After surviving a major re-branding and fierce opposition from regulators and central bankers, Facebook's effort to create a global stablecoin usable on its platform has reportedly been scrapped, according to a Bloomberg report.
BBG reported late Tuesday that Facebook-owner Meta has been looking for a buyer for its Diem project after the Federal Reserve and several powerful American lawmakers (including notably Sens. Sherrod Brown and Elizabeth Warren) produced enough resistance to the project to leave it finally dead in the water. At one point, a couple of Democratic senators sent threatening letters to people involved with the project.
The Diem Association, a cryptocurrency initiative once known as Libra backed by Meta Platforms Inc., is weighing a sale of its assets as a way to return capital to its investor members, according to people familiar with the matter. Diem is in discussions with investment bankers about how best to sell its intellectual property and find a new home for the engineers who developed the technology, cashing out whatever value remains in its once-ambitious Diem coin venture, said the people, asking not to be identified because the discussions aren’t public.
As a result, the cryptocurrency ambitions of Meta chief Mark Zuckerberg have unraveled.
Just in on @TheTerminal: *META-BACKED DIEM IS SAID TO SEEK BUYER AFTER COIN PLANS DASHED— Beth Williams Liou (@BWilliLiou) January 25, 2022
Former Twitter CEO and bitcoin evangelist Jack Dorsey could not resist taking a quick shot...
carpe diem https://t.co/QTN2JzehUZ— jack⚡️ (@jack) January 26, 2022
The news has also hammered shares of Silvergate, the obscure banking partner that was supposed to issue the stablecoin, before being bogged down in resistance from regulators.
In addition to the "rebranding" (the project was originally known as Libra), the project sent anti-trust hawks into a tizzy, while central bankers accused Facebook of trying to usurp their control over the money supply. In the years since its introduction, the SEC has won the "battle of the regulators" over who will be the primary regulator of stablecoins, while the Fed has sought to create a stablecoin of its own nicknamed "Fedcoin".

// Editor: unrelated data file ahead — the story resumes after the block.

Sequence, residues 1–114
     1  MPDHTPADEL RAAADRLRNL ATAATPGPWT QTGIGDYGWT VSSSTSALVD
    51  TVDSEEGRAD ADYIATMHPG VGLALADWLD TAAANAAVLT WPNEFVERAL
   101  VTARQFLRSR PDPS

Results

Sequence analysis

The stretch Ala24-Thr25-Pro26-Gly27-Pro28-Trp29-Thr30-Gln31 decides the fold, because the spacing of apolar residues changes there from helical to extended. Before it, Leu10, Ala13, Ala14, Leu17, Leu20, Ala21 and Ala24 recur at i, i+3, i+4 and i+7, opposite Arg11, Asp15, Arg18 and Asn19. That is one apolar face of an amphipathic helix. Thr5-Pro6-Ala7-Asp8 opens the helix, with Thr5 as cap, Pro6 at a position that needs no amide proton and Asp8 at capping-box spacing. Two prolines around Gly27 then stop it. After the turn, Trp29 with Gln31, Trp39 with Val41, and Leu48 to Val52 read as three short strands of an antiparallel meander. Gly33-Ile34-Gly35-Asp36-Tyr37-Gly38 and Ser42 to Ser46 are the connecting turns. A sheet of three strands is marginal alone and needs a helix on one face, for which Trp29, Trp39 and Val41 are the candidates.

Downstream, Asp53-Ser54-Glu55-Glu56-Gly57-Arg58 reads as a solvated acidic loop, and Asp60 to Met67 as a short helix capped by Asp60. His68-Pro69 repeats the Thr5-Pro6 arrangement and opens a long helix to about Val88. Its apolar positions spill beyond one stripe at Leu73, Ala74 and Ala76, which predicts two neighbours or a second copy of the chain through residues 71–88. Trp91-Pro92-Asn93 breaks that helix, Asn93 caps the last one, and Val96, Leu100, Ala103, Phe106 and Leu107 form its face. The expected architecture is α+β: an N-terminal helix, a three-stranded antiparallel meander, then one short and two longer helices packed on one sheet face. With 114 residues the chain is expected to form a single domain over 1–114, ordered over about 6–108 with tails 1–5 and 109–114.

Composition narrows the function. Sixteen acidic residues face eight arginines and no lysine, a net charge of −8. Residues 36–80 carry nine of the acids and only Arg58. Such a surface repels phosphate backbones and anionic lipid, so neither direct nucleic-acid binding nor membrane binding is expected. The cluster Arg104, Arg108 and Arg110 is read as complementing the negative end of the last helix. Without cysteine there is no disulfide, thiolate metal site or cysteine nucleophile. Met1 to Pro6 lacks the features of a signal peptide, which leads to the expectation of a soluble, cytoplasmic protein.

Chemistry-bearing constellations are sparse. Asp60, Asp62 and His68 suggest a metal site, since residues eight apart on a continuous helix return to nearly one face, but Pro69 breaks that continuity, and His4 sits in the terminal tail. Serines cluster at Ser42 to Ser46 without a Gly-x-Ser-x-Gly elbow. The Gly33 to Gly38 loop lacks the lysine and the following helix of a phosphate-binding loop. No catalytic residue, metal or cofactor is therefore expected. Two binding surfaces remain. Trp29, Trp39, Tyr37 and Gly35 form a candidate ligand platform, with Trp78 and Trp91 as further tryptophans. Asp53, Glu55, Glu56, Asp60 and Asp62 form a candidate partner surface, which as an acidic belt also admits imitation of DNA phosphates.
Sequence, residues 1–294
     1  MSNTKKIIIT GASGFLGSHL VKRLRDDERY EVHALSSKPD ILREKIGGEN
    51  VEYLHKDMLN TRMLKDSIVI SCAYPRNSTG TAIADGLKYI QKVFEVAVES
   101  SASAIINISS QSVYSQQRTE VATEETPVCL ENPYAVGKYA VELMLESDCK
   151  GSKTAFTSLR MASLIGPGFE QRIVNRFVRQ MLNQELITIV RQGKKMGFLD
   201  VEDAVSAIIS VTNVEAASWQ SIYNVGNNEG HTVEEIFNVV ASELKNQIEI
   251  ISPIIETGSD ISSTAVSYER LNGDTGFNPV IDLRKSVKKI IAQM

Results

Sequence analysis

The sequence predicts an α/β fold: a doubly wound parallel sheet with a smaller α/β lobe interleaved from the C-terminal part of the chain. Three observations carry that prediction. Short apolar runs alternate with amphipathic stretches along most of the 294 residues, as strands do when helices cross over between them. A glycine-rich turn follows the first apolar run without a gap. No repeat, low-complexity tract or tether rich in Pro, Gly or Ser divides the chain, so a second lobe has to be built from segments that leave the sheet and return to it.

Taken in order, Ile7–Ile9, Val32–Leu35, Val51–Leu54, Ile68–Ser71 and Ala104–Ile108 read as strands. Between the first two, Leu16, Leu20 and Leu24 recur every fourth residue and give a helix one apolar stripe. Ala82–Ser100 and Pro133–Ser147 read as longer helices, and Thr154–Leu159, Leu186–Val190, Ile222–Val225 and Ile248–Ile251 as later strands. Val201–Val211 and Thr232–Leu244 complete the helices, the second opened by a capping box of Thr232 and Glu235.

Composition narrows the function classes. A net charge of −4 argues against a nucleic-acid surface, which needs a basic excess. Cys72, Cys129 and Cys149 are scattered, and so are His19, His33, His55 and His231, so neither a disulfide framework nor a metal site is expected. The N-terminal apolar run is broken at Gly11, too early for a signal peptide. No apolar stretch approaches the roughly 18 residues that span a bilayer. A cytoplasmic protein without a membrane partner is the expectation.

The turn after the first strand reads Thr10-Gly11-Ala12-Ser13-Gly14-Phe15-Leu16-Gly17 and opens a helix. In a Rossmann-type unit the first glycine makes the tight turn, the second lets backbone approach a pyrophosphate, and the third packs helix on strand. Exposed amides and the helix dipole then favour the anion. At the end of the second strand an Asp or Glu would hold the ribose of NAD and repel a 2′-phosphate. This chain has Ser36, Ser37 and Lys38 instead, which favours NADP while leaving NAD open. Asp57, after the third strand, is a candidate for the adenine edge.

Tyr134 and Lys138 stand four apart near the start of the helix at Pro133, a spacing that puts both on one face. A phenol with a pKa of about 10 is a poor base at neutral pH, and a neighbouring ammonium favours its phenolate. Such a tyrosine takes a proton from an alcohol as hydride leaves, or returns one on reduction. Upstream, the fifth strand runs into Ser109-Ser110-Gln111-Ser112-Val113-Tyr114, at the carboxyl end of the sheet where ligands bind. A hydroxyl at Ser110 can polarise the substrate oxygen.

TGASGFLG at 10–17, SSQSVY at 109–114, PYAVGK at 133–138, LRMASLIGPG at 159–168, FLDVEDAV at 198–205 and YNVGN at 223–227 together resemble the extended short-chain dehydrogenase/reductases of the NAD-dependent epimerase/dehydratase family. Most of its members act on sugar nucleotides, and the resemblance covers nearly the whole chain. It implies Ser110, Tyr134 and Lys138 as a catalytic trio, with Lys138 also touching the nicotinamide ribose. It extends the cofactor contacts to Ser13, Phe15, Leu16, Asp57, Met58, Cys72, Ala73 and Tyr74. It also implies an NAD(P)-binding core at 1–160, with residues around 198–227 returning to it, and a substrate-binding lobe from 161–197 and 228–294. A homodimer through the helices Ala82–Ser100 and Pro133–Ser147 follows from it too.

Given the intense hostility to the Diem project (which is technically controlled by a nonprofit foundation that is itself controlled by Meta), some speculated that Diem might be co-opted and become Fedcoin by default.
After all, it was the Fed that dealt the killing blow to the project, per BBG.
Diem said in May that an affiliate of the firm, Silvergate Bank, was to be the issuer of the Diem USD stablecoin, a type of cryptocurrency pegged to the U.S. dollar that’s typically used to buy and sell other crypto. After a lengthy back-and-forth between the Diem advocates and regulators, Fed officials finally told Silvergate last summer that the agency was uneasy with the plan and couldn’t assure the bank that it would allow that activity, the people said.
Without a green light from the bank’s regulator, Silvergate was left unable to issue the new asset with confidence the Fed wouldn’t crack down, and so the Diem effort had no coin.
Facebook had already abandoned the original Libra concept - one coin backed by a basket of global currencies - in favor of creating a more traditional dollar-linked stablecoin more in line with what the Fed might want.
So, now that Diem is up for grabs, the big question is: will the Fed step in, co-opt the technology, and use it to catch up with the PBOC, which has already produced its own "e-RMB" (even if the project appears to still be in the troubleshooting phase)?